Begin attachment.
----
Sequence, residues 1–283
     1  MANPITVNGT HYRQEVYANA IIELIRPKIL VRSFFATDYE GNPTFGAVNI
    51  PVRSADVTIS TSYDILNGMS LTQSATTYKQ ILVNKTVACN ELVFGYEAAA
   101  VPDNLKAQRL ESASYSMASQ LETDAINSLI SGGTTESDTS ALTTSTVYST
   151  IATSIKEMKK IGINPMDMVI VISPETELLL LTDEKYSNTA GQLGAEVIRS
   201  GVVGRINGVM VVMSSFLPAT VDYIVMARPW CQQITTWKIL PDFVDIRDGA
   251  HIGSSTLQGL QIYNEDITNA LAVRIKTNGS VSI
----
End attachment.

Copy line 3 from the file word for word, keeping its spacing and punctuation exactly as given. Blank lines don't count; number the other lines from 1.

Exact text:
    51  PVRSADVTIS TSYDILNGMS LTQSATTYKQ ILVNKTVACN ELVFGYEAAA